As the coefficient of friction decreases, the amount of torque transmitted by the inner race 58 increases. This is because a decrease in coefiicient of friction tends to cause an increased overrunning of the inner race 58 with respect to the inner race 56. Since the inner race 58 is coupled hydrostatically to the output shaft through the dynamic regulator 78, the proportion of torque transmitted through this inner race increases with increase in hydraulic pressure in the coupling. At the same time, of course, the increased hydraulic pressure provides an increase in mechanical drive pressure which decreases the tendency to slip an amount exactly equal to that required to achieve drive equilibrium.

Theoretically, an infinitely low coefficient of friction would increase the proportion of torque carried by the inner race 58 to 50% of the total torque. In this theoretical instance, the lag between the inner races would be a maximum and the dynamic regulator 78 would provide the absolute maximum in drive pressure.

The dynamic regulator 78 is also directly responsive to changes in total torque through the transmission. As explained earlier, the inlet pressure of the dynamic regulator is equal to the pump outlet pressure in the pump pressure chamber 106 of the control unit 84. Since the pump outlet pressure varies in proportion to changes in torque, this effect is superimposed on the dynamic regulator. As a result, the dynamic regulator provides a drive pressure between the races and drive balls which varies in accordance with both torque and coefiicient of friction.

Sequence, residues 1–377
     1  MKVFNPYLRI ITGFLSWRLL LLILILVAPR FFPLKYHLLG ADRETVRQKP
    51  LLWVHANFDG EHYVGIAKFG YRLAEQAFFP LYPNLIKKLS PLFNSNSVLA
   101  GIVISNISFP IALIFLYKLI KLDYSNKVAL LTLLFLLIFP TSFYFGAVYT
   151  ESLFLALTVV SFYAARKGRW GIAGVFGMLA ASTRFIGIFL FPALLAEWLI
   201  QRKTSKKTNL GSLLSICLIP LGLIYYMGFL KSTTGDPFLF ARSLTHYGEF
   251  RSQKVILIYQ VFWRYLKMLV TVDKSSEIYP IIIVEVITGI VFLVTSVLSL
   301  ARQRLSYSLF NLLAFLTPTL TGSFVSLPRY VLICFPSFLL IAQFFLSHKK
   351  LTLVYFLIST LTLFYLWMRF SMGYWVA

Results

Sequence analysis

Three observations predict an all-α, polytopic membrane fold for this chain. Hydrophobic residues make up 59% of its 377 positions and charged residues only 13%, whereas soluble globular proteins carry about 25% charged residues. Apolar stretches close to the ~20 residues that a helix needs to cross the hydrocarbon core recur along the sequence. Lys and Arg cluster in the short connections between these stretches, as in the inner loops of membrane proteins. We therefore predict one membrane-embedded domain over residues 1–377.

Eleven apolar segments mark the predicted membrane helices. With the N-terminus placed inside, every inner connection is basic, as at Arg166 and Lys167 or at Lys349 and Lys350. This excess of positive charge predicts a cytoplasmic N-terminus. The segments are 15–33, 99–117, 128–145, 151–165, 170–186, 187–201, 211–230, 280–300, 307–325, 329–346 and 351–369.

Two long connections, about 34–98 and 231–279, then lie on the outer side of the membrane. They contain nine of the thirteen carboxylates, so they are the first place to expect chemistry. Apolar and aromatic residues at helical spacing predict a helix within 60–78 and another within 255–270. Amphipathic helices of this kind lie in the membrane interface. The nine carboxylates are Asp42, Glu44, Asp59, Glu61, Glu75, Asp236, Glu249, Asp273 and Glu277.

An additional advantage of providing pump outlet pressure to the dynamic regulator inlet is increased speed of response and prevention of slip upon speed ratio reduction. When the control ring 122 is moved to reduce the ratio, maximum pump pressure is delivered to the dynamic regulator inlet so that the required change in ratio is accomplished expeditiously and positively in spite of the relatively small effective area in the dynamic pressure chamber 290, and there is no danger of instantaneous slip.

It will be understood that the present invention provides a mechanical type infinitely variable speed transmission incorporating a number of improvements which result in overall efficiency and transmission life comparable to a standard manual gear type, or stick shift, transmission. At the same time the transmission provides all of the advantages of infinitely variable ratio hydrodynamic or fluid coupling automatic transmissions without their low efficiencies. Furthermore, the drive ratio range of this improved transmission is much greater than the ranges of existing transmissions of comparable size and complexity.

Variations and modifications may be effected without departing from the scope of the novel concepts of the present invention.

I claim: